The city of Boston marks a somber anniversary today: It’s been a year since a pair of homemade bombs ripped through an area near the finish line of the Boston Marathon, killing three people and injuring more than 260. Authorities say the accused terrorists executed the attacks after a descent into radical Islam.
So it’s ironic that a local university would revoke its invitation to an outspoken critic—and former victim—of radical Islam. Officials at Brandeis University—a private nonsectarian Jewish-sponsored school in Waltham, Mass., 10 miles west of Boston—rescinded its offer of an honorary degree to Ayaan Hirsi Ali after a campaign by the Council on American-Islamic Relations (CAIR) claimed the author and activist had “spewed anti-Muslim hate.”
Brandeis’ reversal is more than just another round in the yearly commencement speech and honorary degree battles that mark every graduation season. It’s also a dismissal of a look into the kind of radicalization that spewed blood and body parts across the streets of downtown Boston just one year ago.
It’s true that Hirsi Ali isn’t easy on Islamists. She has spent much of the last decade decrying the abuses of radical Islam, particularly against women in predominantly Muslim countries.
For Hirsi Ali, this isn’t a research project. The Somali-born woman escaped the severity of her own radical Islamist culture, but not before enduring common abuses like the brutal and dangerous practice of female circumcision as a child.
After fleeing home, Hirsi Ali renounced Islam and became a member of the Dutch Parliament from 2003 to 2006. She faced death threats for criticizing radical Islamists’ treatment of women. She published a 2007 account of her experiences in a memoir called Infidel. (WORLD ran a 2007 cover story and interview with Hirsi Ali after the book’s release.)
CAIR has excoriated Hirsi Ali for her activism, including her participation in the recent documentary Honor Diaries, an unflinching look into the treatment of women in some Muslim societies. But CAIR is controversial as well: The FBI severed ties with the group years ago, citing its connections to terrorist groups like the Muslim Brotherhood.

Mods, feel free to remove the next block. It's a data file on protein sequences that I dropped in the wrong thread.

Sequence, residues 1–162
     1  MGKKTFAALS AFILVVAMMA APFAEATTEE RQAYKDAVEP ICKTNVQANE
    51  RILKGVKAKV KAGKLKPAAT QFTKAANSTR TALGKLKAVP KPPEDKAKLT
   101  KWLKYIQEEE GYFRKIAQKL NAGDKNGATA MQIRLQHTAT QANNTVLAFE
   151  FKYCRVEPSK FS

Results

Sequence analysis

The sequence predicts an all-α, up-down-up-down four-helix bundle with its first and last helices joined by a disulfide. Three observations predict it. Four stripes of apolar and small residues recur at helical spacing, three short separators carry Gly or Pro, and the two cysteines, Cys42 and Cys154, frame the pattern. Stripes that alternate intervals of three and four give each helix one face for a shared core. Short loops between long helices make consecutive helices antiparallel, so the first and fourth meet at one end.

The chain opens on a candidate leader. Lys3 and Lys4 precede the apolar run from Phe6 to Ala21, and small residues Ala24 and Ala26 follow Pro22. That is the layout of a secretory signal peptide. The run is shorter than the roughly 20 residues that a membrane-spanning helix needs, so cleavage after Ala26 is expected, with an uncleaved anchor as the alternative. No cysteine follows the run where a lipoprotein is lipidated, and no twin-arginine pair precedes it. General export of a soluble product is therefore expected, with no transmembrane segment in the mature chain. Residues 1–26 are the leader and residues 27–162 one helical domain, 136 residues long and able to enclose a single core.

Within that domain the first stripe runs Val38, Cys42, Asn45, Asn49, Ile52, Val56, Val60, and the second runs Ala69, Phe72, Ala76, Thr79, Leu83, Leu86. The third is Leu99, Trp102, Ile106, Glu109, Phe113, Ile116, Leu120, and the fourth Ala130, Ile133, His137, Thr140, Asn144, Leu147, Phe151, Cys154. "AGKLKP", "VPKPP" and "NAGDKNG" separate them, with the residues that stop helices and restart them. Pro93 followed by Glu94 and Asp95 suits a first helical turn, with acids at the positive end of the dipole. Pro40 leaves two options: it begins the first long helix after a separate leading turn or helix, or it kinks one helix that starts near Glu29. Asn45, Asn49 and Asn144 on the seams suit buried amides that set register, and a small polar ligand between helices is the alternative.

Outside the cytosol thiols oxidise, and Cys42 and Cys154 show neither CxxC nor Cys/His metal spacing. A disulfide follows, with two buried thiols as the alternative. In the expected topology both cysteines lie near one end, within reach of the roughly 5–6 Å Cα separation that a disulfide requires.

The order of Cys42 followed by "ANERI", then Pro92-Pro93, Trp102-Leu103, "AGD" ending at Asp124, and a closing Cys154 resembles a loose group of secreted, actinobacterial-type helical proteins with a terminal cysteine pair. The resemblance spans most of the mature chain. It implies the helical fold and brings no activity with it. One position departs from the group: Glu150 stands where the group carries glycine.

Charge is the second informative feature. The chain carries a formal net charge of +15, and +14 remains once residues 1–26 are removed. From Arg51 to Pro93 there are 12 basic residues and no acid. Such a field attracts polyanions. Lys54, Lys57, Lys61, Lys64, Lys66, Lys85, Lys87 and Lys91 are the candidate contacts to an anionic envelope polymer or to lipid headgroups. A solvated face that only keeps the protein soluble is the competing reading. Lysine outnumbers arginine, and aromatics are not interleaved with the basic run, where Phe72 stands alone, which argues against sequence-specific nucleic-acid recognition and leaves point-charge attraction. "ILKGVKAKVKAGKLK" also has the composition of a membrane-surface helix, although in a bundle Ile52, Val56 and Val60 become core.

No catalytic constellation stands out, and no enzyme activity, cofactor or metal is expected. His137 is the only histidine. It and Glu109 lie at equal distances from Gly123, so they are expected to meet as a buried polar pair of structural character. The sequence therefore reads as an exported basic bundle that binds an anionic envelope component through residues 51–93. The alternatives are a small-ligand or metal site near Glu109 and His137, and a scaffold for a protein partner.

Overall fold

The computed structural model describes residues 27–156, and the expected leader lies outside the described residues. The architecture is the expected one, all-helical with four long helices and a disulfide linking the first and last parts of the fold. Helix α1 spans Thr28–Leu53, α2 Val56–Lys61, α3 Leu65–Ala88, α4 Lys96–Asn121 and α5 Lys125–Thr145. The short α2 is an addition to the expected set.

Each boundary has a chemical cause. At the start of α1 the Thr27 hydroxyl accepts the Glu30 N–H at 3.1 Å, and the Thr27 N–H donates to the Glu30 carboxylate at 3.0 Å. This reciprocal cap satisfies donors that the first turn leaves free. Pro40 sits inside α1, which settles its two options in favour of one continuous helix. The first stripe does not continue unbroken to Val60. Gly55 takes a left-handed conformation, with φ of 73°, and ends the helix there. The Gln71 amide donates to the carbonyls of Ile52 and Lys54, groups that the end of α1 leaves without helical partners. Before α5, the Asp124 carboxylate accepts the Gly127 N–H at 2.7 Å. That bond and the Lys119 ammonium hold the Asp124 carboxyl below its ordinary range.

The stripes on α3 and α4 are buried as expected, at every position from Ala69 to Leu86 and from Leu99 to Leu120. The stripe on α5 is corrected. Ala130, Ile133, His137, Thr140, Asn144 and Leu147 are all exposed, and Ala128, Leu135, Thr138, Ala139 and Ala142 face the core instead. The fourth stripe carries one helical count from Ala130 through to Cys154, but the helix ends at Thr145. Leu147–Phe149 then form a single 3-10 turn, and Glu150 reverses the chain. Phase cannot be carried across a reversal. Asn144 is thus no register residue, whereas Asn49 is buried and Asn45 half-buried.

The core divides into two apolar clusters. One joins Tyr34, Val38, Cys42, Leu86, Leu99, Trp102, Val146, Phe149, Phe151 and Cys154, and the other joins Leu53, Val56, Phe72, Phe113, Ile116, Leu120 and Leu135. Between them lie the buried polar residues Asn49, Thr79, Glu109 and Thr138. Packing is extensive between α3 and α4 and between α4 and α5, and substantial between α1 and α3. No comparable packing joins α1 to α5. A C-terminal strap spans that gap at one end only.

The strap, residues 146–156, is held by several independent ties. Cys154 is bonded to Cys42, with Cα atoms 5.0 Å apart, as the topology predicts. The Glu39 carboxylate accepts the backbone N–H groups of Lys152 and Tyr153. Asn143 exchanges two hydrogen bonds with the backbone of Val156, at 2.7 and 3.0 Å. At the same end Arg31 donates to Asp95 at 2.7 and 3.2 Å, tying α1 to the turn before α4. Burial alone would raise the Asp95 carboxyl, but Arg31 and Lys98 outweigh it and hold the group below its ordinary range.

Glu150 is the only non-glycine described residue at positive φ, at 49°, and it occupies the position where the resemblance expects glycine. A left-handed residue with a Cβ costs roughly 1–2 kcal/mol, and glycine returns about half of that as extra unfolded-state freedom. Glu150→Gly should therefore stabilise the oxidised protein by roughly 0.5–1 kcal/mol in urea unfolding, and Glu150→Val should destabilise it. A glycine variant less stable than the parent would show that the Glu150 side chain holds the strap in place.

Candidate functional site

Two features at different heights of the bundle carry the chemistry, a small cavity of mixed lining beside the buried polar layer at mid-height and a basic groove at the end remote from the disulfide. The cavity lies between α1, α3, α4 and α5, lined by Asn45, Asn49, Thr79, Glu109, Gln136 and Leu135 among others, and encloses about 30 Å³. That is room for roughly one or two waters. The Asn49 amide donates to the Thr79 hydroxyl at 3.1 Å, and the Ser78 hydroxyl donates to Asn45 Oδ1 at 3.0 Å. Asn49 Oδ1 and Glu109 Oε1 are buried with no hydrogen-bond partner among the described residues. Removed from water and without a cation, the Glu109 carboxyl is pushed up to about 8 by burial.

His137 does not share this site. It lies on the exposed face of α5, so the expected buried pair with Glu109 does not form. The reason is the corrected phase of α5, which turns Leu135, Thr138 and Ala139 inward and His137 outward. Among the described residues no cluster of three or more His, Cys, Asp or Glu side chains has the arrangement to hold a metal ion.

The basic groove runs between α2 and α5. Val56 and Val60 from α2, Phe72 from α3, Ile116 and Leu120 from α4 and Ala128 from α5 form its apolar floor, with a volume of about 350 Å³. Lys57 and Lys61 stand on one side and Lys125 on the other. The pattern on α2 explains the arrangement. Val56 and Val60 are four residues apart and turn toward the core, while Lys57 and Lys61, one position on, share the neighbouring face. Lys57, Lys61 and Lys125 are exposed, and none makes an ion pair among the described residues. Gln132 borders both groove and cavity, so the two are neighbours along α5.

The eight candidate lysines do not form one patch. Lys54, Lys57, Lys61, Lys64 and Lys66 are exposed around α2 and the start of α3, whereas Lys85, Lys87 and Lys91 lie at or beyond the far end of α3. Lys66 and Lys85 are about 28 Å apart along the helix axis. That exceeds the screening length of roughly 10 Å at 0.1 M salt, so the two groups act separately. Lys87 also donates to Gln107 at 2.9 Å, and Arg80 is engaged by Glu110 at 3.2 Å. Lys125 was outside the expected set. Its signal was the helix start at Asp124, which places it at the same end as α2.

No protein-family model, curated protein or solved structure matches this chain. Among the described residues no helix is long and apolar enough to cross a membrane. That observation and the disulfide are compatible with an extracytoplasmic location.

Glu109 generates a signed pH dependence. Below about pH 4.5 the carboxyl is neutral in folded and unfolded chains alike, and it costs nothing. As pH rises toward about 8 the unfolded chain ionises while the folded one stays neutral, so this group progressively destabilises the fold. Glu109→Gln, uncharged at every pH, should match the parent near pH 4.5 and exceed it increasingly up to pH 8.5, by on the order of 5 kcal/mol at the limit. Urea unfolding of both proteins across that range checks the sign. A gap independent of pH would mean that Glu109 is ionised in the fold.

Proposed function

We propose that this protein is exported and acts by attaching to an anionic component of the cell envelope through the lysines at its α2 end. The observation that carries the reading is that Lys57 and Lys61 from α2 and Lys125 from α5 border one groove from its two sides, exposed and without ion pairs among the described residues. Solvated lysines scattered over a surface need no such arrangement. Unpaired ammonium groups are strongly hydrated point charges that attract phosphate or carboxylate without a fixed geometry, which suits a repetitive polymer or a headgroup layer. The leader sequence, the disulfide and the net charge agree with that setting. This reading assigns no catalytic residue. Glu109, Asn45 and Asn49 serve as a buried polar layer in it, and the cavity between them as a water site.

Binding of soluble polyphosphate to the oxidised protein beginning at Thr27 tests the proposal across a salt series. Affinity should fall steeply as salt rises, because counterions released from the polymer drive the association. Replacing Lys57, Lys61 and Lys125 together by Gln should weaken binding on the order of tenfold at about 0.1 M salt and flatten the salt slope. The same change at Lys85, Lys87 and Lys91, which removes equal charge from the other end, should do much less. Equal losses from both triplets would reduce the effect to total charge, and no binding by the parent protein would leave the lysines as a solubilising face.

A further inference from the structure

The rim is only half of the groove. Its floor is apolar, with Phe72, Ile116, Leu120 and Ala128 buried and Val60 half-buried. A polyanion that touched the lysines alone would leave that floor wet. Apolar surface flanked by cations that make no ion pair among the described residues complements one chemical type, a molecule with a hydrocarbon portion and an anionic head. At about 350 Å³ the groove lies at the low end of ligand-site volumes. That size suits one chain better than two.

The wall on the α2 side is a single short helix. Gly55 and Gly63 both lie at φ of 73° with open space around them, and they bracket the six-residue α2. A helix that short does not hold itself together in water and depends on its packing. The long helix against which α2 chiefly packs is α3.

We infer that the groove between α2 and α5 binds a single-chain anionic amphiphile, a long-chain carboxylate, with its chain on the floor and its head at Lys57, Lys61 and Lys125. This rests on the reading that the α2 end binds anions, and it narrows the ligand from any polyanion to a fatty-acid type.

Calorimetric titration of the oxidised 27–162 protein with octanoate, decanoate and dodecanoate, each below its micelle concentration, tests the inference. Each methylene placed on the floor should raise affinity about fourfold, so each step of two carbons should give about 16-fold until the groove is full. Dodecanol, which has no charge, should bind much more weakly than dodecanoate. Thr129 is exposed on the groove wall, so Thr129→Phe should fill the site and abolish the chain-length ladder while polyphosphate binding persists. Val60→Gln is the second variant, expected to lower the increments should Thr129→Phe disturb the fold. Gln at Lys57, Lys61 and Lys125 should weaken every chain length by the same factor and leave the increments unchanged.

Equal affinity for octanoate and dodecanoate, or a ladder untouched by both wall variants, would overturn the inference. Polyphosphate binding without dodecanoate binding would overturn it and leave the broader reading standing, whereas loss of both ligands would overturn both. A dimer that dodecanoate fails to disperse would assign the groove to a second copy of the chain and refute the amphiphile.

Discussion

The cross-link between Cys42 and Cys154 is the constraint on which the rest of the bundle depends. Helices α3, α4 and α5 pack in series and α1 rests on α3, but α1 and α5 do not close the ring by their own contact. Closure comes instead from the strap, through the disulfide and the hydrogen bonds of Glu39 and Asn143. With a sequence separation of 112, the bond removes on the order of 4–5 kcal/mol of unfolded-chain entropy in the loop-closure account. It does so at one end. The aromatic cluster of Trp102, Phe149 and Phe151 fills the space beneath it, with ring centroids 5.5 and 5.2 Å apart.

Still, CAIR’s campaign against Hirsi Ali was effective enough to rouse a group of students and faculty to protest the school’s award and speaking invitation. The school revoked the offer last Wednesday. Hirsi Ali said the university had turned an honor “into a moment of shaming.”
A day later, The Wall Street Journal published an abridged version of the remarks Hirsi Ali had planned to deliver at Brandeis. She began with the Boston bombing. Hirsi Ali noted that one year ago families were grieving sudden losses and “hovering over bedsides, watching as young men, women, and children endured painful surgeries and permanent disfiguration. All because two brothers, radicalized by jihadist websites, decided to place homemade bombs in backpacks. …”
Indeed, investigators have chronicled the radicalization of accused bombers Tamerlan and Dzhokhar Tsarnaev. Tamerlan Tsarnaev, 26, died in a shootout with police three days after the bombing. The ethnic Chechen had traveled to Russia in 2011, and Russian authorities warned the FBI he was a follower of radical Islam.
The surviving bomber, Dzhokhar Tsarnaev, now 20, told authorities the brothers were motivated by Islamist views and learned how to build the pressure-cooker bombs from the English-language, online magazine of the al-Qaeda affiliate in Yemen. (One article was called “Make a Bomb in the Kitchen of Your Mom.”) The magazine is filled with terror-fueled articles, and its first editor, Samir Khan, declared he was “proud to be a traitor to America.” (Khan died in a drone strike in Yemen in 2011).
The FBI still faces questions over whether it reacted appropriately to Russian officials’ warnings that Tamerlan could be radical. A report earlier this month—commissioned by President Obama’s director of national intelligence—largely cleared the FBI of serious mistakes, but the House Committee on Homeland Security delivered a more critical assessment in March. The congressional report said government agencies missed opportunities to communicate and follow-up on the danger posed by Tamerlan Tsarnaev.
Dzhokhar Tsarnaev, the remaining bomber, now faces a potential death penalty if a jury convicts him on 30 federal charges, including using weapons of mass destruction to kill civilians.
Hirsi Ali planned to tell students at Brandies: “You deserve better memories than 9/11 and the Boston Marathon bombing.” In her published remarks, she also noted escalating violence in the Muslim world, including in Syria, Lebanon, Libya, and Egypt. She also noted violence and abuse against women is increasing in the same regions. For example, a proposed law in Iraq would lower the age at which a girl’s family may force her into marriage—the new age would be 9.
“The connection between violence, particularly violence against women, and Islam is too clear to be ignored,” Hirsi Ali wrote. “We do no favors to students, faculty, nonbelievers and people of faith when we shut our eyes to this link, when we excuse rather than reflect.
“So I ask: Is the concept of holy war compatible with our ideal of religious toleration? … Both Christianity and Judaism have had their eras of reform. I would argue that the time has come for a Muslim Reformation.”
For now, Hirsi Ali won’t be making that argument at Brandeis University. Before the school rejected her, she acknowledged in her prepared remarks that many people find her beliefs controversial: “I’m used to being shouted down on college campuses, so I am grateful for the opportunity to address you today. I do not expect all of you to agree with me, but I very much appreciate your willingness to listen.”